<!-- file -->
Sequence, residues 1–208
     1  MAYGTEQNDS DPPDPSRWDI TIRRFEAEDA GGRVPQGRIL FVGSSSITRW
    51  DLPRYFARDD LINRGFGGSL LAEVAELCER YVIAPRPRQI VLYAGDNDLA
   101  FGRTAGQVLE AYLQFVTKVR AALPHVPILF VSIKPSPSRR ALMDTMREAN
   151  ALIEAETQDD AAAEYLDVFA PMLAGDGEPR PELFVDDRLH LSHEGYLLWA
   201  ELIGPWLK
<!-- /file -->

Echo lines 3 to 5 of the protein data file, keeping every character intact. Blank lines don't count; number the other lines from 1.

    51  DLPRYFARDD LINRGFGGSL LAEVAELCER YVIAPRPRQI VLYAGDNDLA
   101  FGRTAGQVLE AYLQFVTKVR AALPHVPILF VSIKPSPSRR ALMDTMREAN
   151  ALIEAETQDD AAAEYLDVFA PMLAGDGEPR PELFVDDRLH LSHEGYLLWA